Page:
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  • A Mind To Stay Here: Closing Conference Comments on Southern Exceptionalism

    John Egerton, Nashville, Tennessee

    29 November 2006

    Writer John Egerton reflects upon thirty years of chronicling Dixie's Americanization and America's southernization from his post in Nashville. He discusses the persistence of "southern" themes and offers subjects for books that he hopes other writers will pursue.

    A Mind to Stay Here


    About John Egerton:

    John Egerton was born in Atlanta, Georgia, June 14, 1935, the son of William G. Egerton, a traveling salesman, and his wife, Rebecca White Egerton. The family settled in Cadiz, Kentucky, where John remained until leaving to attend Western Kentucky University, 1953–1954. From 1954 until 1956, he served in the United States Army. He earned a B.A. at the University of Kentucky in 1958 and an M.A. in 1960.

    Between 1958 and 1960, Egerton was with the Public Relations Department of the University of Kentucky, and from 1960 to 1965, he was the Director of Public Information for the University of South Florida. He was a staff writer for Southern Education Report, 1965–1969, and for Race Relations Reporter, 1969–1971.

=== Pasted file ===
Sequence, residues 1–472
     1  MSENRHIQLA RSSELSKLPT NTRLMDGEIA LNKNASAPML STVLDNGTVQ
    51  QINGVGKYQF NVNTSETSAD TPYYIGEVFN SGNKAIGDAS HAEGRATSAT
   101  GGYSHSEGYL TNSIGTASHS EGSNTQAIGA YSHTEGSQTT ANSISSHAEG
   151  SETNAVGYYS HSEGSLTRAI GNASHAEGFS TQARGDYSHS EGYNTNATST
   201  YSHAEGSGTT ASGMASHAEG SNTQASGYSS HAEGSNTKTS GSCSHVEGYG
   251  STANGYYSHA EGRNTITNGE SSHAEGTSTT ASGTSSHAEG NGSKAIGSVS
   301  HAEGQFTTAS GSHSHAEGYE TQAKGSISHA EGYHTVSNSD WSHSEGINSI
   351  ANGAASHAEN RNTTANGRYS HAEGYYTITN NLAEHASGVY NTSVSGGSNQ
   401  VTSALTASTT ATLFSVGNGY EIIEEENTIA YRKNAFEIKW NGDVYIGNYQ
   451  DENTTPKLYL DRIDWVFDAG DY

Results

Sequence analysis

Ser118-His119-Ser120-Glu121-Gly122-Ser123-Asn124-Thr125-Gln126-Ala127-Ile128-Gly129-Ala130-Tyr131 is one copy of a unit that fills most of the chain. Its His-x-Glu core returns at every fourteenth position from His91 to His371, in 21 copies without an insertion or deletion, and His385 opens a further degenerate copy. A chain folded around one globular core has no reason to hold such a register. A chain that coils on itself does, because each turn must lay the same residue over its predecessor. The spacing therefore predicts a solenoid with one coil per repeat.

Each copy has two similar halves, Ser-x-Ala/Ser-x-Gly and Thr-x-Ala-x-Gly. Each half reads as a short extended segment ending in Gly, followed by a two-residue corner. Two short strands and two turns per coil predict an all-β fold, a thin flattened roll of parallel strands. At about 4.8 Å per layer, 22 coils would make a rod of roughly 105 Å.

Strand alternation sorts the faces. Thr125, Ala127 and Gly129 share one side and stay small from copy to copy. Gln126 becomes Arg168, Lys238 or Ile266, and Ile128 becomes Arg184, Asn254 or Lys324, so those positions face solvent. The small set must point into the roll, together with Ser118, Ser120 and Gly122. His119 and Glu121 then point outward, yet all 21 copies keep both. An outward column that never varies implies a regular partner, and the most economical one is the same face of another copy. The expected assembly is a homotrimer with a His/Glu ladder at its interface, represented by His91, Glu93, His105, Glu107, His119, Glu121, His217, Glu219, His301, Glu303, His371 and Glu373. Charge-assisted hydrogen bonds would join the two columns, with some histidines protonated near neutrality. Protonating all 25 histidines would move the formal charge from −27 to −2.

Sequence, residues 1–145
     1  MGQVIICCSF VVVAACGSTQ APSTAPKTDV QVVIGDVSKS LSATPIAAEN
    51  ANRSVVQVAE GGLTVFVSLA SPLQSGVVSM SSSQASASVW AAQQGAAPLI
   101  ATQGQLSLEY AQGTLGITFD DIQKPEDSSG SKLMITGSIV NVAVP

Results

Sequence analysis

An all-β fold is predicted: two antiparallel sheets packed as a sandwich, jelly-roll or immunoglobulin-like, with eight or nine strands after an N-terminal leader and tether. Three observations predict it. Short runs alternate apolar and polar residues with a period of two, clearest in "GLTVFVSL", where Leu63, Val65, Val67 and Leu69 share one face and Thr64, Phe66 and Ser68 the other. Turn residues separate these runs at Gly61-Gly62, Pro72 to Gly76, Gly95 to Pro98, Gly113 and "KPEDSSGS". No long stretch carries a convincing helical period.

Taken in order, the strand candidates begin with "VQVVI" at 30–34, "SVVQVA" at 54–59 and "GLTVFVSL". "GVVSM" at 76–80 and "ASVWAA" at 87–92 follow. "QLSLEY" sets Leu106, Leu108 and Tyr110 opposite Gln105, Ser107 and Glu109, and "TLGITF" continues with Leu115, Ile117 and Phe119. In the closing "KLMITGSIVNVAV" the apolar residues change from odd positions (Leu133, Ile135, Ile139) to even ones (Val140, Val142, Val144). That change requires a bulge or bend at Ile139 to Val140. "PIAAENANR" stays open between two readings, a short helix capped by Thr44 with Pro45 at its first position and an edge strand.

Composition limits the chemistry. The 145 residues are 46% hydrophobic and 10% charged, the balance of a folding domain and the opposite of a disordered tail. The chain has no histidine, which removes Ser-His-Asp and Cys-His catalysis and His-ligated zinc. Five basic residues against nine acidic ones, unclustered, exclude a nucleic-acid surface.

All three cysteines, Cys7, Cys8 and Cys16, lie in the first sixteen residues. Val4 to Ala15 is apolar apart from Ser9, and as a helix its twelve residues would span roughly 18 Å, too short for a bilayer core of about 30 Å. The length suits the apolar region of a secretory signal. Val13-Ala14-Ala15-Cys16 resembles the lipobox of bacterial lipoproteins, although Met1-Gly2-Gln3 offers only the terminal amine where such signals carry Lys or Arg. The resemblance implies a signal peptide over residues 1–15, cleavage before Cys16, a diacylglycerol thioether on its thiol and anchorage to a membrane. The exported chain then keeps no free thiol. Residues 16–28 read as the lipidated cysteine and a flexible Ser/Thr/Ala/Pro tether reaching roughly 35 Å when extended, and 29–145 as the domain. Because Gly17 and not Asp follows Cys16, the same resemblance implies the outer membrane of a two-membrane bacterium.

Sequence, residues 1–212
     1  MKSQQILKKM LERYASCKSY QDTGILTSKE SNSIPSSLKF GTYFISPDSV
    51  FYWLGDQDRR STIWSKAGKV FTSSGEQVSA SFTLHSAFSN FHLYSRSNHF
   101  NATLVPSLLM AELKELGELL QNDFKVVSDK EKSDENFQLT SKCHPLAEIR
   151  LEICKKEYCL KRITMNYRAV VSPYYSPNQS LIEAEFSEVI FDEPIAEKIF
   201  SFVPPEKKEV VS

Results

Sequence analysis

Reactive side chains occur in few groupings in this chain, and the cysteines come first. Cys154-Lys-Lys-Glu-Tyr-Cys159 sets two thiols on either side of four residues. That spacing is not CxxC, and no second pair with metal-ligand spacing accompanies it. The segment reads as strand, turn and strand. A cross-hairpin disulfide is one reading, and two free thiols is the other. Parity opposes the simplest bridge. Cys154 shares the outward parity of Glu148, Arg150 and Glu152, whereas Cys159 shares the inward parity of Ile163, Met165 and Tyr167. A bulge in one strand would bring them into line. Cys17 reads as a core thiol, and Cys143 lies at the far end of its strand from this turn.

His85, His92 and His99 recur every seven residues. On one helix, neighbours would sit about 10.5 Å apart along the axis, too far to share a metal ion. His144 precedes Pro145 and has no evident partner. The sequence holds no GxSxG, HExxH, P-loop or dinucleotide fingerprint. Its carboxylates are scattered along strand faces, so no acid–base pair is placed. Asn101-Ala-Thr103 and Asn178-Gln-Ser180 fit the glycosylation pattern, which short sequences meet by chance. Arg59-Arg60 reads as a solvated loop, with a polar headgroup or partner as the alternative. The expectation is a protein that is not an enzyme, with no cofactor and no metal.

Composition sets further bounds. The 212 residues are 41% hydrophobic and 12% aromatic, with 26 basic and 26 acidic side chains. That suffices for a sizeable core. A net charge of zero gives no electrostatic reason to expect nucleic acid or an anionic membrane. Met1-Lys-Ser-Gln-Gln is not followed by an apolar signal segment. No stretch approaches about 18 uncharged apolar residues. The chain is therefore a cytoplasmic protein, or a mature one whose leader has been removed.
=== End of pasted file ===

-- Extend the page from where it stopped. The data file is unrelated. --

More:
In 1971, Egerton began his career as a free-lance reporter. He was a contributing editor for Saturday Review of Education (1972-1973), Race Relations Reporter (1973–1974), and Southern Voices (1974–1975). From 1973–1975, he was a writer for Atlanta's Southern Regional Council. In 1977–1978, he was journalist-in-residence at Virginia Polytechnic Institute and State University. Egerton has written or edited eleven non-fiction books and contributed over two-hundred articles to periodicals. He has also been a participant in and writer for many projects or conferences dealing with desegregation and civil rights.

    About this Video